I decided not to try the rope technique, because I can always make him fight agains pressure, lose and submiss, however, my goal is to give him a chance to think his way into positive behaviour. So I tried first rewarding and praising him at the moment he is holding a leg for me, not after putting it on the ground, and now he already holds his legs for longer and without a reward. It seems that I had picked the wrong moment for rewarding/praising before, but now we're already on our way to better results.

However, I'm not too much into rewarding him with treats, because he tends to show mouthy and dominant behaviour if given the chance, so I cut them down to a minimum, when it comes to training, and in the meantime I also work with him being more patient and not trying to invade my space when he is aware that I have treats with me.

Skyseternalangel 05-14-2012 07:46 AM

My boy has been doing the same thing for a lady since the hoof soaks began. It feels awkward and they don't feel comfortable lifting them up. It's his way of showing he doesn't like it.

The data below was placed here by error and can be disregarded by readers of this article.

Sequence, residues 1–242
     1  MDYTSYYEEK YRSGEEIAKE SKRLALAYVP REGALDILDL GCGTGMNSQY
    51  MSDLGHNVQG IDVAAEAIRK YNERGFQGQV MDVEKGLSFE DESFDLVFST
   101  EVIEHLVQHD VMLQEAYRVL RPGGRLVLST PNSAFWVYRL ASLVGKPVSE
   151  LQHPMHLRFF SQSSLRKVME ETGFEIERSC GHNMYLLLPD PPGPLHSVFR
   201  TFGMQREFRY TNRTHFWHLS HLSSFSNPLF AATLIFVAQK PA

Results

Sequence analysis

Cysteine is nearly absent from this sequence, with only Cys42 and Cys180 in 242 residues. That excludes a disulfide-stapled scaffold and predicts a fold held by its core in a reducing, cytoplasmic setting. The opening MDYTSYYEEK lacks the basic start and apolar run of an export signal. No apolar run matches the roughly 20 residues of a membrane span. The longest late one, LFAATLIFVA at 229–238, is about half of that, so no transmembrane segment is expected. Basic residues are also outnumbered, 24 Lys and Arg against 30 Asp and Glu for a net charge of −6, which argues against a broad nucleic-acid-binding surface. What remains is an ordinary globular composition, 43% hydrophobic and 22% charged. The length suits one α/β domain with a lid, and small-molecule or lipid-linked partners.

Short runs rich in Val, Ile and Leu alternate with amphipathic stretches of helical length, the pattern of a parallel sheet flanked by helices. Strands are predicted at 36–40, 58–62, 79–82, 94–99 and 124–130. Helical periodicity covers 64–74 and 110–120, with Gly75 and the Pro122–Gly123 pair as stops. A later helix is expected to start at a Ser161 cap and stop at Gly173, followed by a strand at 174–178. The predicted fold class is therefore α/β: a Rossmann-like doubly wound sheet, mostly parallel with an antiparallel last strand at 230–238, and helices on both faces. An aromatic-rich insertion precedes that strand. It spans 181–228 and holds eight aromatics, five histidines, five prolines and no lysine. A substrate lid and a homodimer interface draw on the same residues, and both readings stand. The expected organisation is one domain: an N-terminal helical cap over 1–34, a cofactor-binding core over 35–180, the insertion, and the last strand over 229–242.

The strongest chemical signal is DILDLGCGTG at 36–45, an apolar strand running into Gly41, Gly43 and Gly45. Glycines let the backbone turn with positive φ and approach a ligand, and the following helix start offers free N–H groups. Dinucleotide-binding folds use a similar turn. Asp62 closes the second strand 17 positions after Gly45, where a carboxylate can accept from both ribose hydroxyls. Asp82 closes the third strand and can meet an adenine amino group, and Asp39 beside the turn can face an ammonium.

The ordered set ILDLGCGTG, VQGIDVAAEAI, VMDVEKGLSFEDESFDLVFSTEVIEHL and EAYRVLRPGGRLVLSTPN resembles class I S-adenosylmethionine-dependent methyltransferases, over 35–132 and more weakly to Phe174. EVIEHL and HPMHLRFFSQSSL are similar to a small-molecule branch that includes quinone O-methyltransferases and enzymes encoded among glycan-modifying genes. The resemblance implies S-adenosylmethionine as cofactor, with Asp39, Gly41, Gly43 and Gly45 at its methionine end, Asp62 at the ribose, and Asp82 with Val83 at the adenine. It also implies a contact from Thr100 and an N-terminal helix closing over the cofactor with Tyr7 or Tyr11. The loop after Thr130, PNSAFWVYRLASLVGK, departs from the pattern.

Just keep working on releasing at the right time and preparing him to lift it up. That alone will improve how long he keeps his foot up for you, instead of slamming it down.

Fargosgirl 05-14-2012 08:42 PM

I had a similar problem with one of my Minis (same LBE "horsenality") I do my own trimming on my minis and it takes me a while to do the trim so he would get bored/annoyed and act up. I tried a lot of different methods, but what worked best for him was to let him stand tied for 20min - half hour doing nothing before working with his feet, then when I did come and work with his feet, it was so much less boring than just standing there that he would tolerate it much longer. If he did act up, I would walk away and do some other little barn job before coming back and starting again. He quickly learned that standing for a few minutes to have his feet done was a lot easier than getting a looong booooring "time out".